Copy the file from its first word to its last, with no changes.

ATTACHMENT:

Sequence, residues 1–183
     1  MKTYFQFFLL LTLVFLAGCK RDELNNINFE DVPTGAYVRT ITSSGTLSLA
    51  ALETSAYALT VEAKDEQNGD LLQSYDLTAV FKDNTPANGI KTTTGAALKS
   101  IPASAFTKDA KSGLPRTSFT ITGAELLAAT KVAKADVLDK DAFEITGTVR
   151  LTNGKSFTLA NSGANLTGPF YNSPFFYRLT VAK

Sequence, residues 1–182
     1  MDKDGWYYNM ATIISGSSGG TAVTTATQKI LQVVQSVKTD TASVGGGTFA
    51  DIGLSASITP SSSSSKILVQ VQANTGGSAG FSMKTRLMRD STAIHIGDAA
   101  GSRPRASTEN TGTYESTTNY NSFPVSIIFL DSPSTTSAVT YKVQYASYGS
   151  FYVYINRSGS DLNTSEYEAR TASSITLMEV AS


Sequence, residues 1–183
     1  MKTYFQFFLL LTLVFLAGCK RDELNNINFE DVPTGAYVRT ITSSGTLSLA
    51  ALETSAYALT VEAKDEQNGD LLQSYDLTAV FKDNTPANGI KTTTGAALKS
   101  IPASAFTKDA KSGLPRTSFT ITGAELLAAT KVAKADVLDK DAFEITGTVR
   151  LTNGKSFTLA NSGANLTGPF YNSPFFYRLT VAK

Sequence, residues 1–182
     1  MDKDGWYYNM ATIISGSSGG TAVTTATQKI LQVVQSVKTD TASVGGGTFA
    51  DIGLSASITP SSSSSKILVQ VQANTGGSAG FSMKTRLMRD STAIHIGDAA
   101  GSRPRASTEN TGTYESTTNY NSFPVSIIFL DSPSTTSAVT YKVQYASYGS
   151  FYVYINRSGS DLNTSEYEAR TASSITLMEV AS